What are you doing today to get that little edge over your competition? Maybe it’s taking a new supplement, trying a new recovery regimen, or employing the latest DNA-specific training method. What you may not consider after focusing heavily on the hardware is a subtle software upgrade might serve you better because training to be mentally tough is the single most important thing you can do to get your game to that next level. This kicks in when you have given everything and you’re dead tired because it’s your mental toughness that keeps you going. It gives you the best chance to win against the fiercest competitor, but you need to know how to employ the right steps at the right time.
Seeing Is Believing
Some athletes have a seemingly super-sensory edge. One such athlete is tennis champion Novak Djokovic, who won his fifth Wimbledon title this year defeating 20-time Grand Slam winner, Roger Federer, in an epic battle that lasted 4 hours and 57 minutes. Novak said it was the most mentally demanding match of life and credits visualization for his mental endurance. And he is certainly not alone. Arnold Palmer, Arnold Schwarzenegger, Michael Phelps, Carli Lloyd, and countless other elite athletes and Olympians swear by it. According to Activeacuity, research has shown that thinking about an action stimulates the same regions of your brain as physically performing the action. Imagine that a quarterback visualizing the perfect pass is activating the same neural pathways in his brain as throwing the “same” pass on the field. Visualization is also a great training technique because it creates mental memory or a type of imprinting on your brain. Try setting aside 10-15 minutes a day to close your eyes and visualize yourself in competition with all your senses. Picture and “feel” the ball as you shoot the perfect jump shot. Work on overcoming distractions by preparing for them with visualization. If you’re not competing then this is still an exercise worth practising. Visualise how you’ll break a new personal best in cardio or shoot for a bigger sized weight in the workout that you’ll enjoy later in the day. This will prime your muscles to function in the ways you want them to.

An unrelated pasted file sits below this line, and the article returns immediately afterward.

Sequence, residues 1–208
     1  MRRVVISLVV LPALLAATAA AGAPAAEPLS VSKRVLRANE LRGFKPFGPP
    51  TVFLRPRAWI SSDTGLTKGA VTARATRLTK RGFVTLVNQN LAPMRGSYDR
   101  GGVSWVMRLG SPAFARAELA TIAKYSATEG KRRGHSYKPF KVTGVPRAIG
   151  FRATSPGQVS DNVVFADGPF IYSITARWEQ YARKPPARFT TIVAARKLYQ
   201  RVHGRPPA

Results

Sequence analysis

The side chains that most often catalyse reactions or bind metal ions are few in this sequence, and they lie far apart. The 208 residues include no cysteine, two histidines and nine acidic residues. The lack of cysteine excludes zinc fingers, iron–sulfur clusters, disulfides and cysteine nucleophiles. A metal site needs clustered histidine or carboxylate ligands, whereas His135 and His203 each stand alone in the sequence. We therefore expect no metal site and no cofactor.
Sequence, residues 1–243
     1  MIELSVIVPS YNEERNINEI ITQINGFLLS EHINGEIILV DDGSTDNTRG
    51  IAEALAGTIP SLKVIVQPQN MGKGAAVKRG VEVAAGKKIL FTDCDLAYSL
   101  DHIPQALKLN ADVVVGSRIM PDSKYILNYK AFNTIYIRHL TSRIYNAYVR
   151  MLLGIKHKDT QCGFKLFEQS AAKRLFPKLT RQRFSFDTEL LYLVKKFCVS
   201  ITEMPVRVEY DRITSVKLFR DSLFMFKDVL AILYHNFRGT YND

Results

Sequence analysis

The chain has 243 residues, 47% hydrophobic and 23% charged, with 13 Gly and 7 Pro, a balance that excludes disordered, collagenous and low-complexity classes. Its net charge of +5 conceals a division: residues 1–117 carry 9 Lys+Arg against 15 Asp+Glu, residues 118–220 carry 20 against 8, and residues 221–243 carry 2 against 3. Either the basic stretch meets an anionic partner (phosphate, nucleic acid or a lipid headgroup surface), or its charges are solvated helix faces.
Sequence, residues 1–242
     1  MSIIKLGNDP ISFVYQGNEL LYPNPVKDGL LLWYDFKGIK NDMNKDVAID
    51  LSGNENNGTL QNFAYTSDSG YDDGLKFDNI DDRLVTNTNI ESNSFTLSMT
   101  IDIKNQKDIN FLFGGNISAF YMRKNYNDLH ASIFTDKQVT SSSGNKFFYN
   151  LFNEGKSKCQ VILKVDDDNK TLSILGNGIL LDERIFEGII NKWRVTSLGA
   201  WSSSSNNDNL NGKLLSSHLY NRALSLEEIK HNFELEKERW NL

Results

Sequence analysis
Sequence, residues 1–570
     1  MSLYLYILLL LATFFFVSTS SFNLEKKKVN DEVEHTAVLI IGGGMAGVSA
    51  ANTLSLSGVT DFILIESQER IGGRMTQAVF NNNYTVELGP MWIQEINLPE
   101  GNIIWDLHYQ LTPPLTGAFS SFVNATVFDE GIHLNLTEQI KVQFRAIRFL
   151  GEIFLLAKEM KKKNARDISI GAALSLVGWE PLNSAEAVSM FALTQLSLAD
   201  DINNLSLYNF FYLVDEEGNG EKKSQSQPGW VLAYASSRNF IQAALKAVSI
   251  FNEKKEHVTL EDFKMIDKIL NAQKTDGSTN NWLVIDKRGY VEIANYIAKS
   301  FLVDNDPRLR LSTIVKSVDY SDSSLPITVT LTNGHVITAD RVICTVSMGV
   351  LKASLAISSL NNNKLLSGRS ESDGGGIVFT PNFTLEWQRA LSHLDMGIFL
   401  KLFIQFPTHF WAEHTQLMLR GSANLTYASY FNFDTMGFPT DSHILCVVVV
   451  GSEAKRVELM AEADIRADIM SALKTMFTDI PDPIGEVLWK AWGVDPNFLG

Live What You Love
It’s all too easy to double tap the like button when you see a little quote or saying that inspires you, but you can take it to the next level by even displaying it in your home gym or on a practice jersey. If it somehow speaks to you then you should embrace it because mantras or any positive self-talk can be an effective motivational and calming technique. According to the >Global Journal of Human Social Science, self-talk is highly effective in two ways: it can increase confidence and concentration and be a great weapon against those nasty negative thoughts. David Goggins, the only member of the armed forces to complete SEAL training, U.S. Army Ranger School, and Air Force Tactical Air Controller training, credits self-talk for much of his success. Goggins says we say up to 1,000 words to ourselves every minute, so it pays to turn these into positive affirmations. They can push you further, even after your body is begging you to quit. So, rehearse your mantras in practice and use them in the game. They can be as simple as, “I’ve got this” or “keep going”. Whatever motivates you – use it. This is worth doing, even when you’ve got that run of the mill Wednesday workout to drudge through. Pick a small phrase that speaks to you and write it on your hand in pen before your workout. Your goal should be to train so hard your sweat either rubs it off or smudges it so you can’t make out what it is. Think of it as a literary fitness tracker that you should aim to update before each session.